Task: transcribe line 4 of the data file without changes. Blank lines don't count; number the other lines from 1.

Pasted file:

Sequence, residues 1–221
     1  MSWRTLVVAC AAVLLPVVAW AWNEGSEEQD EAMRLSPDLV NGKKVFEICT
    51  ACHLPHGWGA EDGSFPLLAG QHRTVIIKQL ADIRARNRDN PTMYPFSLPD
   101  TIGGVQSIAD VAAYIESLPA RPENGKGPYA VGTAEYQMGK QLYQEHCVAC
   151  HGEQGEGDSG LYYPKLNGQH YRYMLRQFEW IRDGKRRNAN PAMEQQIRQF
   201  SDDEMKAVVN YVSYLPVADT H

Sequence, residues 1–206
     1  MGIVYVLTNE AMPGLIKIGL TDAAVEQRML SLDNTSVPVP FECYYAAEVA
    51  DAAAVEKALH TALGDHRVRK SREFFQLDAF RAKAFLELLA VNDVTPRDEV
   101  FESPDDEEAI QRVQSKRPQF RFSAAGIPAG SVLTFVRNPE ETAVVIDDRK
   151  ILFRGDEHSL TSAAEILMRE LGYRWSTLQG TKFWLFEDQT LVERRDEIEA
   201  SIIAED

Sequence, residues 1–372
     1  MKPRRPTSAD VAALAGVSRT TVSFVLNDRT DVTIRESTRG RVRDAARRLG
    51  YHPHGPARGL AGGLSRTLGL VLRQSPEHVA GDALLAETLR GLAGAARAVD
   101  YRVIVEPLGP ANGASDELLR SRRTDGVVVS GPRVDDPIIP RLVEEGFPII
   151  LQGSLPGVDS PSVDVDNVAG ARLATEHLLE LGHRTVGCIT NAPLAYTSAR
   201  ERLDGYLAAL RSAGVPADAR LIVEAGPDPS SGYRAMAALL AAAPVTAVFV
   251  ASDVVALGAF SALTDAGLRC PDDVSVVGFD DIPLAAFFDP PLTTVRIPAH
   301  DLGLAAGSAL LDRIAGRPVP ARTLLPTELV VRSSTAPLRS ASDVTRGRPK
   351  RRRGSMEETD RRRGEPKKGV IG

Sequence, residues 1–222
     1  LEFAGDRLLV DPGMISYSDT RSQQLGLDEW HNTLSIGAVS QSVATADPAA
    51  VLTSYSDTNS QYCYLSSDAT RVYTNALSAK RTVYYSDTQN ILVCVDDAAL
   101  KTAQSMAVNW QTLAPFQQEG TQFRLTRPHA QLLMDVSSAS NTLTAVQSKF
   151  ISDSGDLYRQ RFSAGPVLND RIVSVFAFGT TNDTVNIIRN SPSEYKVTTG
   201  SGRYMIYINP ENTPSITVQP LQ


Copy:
   101  TIGGVQSIAD VAAYIESLPA RPENGKGPYA VGTAEYQMGK QLYQEHCVAC